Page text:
The Thanksgiving Holiday is a time to take a break from the stress of college classes and reconnect with family and friends. In a “normal” year this can feel overwhelming. This year is more challenging with Covid-19 concerns and precautions. The CDC is even recommending not gathering or traveling for the holiday. This may create additional stress, sadness and anxiety because holiday plans look different this year.
We tend to have high expectations of the ideal family Thanksgiving and may find ourselves disappointed by reality. This can lead to feelings of anxiety and sadness. Identify what is important to you. A great question to ask yourself is how do I use my strengths this holiday season?
If you are going to visit family this Thanksgiving, let the little (or not so little) things go for the day. Family can be irritating, demanding and of course, imperfect. You can make a list before thanksgiving of ways your family may trigger negative thinking and plan to not overreact. You can choose to politely disengage from tense conversations, be helpful, playful and use your sense of humor. If needed, take a break and go for a walk. Create a gratitude list which helps to improve mood and positive coping. Research shows a link between gratitude, happiness and overall psychological well-being (Davis et.al, 2016).
Thanksgiving may highlight feelings of loneliness and isolation due to the absence of family or social connections. Acknowledge and accept any feeling you have as part of you in this moment in time and look to the future for new feelings in new moments in time. Friends and family may be physically distanced in a separate household. Encourage yourself to be open about creative ways to connect with others. Participate in a zoom gathering where members can talk, laugh, eat a meal together, reminisce, play games and practice gratitude virtually.
Some students are not able to travel home and may be by themselves. Reach out to others virtually. Have an onscreen Thanksgiving with friends and family. Consider volunteering in some capacity. Connect with others by playing virtual boardgames. Donate to a food bank or practice random acts of kindness towards other in small but meaningful ways. Value yourself. Identify and practice self-care skills such as journal writing, go for a nature walk, listen to soothing music, meditate, watch your favorite holiday movies, have a positive outlook on tomorrow. Count down the days to the end of the semester and congratulate yourself for all your hard work and moving closer to your academic goals. Forgive yourself for the things that did not go as planned this year and focus on the things you have control of.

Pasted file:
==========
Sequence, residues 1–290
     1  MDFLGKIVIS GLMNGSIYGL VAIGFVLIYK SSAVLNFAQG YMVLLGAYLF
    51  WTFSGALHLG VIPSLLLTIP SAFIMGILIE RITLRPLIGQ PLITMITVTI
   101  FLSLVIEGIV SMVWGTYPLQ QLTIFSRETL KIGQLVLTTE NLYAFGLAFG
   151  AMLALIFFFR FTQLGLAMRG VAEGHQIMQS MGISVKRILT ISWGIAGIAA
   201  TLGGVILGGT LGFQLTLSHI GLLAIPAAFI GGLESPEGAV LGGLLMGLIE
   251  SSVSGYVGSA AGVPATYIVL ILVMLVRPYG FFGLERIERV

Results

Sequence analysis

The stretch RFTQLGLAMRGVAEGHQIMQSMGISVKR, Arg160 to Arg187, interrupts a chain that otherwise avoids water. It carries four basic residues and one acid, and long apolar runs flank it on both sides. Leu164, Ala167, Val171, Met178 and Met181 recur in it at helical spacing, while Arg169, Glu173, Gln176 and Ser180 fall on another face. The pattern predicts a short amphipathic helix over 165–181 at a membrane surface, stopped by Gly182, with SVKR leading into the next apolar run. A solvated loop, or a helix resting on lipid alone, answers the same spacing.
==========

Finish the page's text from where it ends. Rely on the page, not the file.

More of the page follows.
If, despite your best efforts, you still find yourself feeing, sad, anxious, depressed, irritable or hopeless please seek professional help.
Santa Fe College Counseling Center counselors are committed to providing a safe space for you to seek help, gain perspective and clarity, and overcome obstacles. Contact us at 395-5508 or email us at firstname.lastname@example.org. Video and phone sessions are available during this time of physical distancing to ensure access and safety.
- Davis, Don E.; Choe, Elise; Meyers, Joel; Wade, Nathaniel; Varjas, Kristen; Gifford, Allison; Quinn, Amy; Hook, Joshua N.; Van Tongeren, Daryl R.; Griffin, Brandon J.; Worthington, Everett L. Jr.(2016). Thankful for the little things: A meta-analysis of gratitude interventions. Journal of Counseling Psychology, Vol 63(1), Jan, 2016 pp. 20-31. Publisher: American Psychological Association; [Journal Article]
- Mayo clinic (2020, November 11). Stress, depression and the holidays: Tips for coping. Retrieved from: https://www.mayoclinic.org/healthy-lifestyle/stress-management.in-depth/stress/art-20047544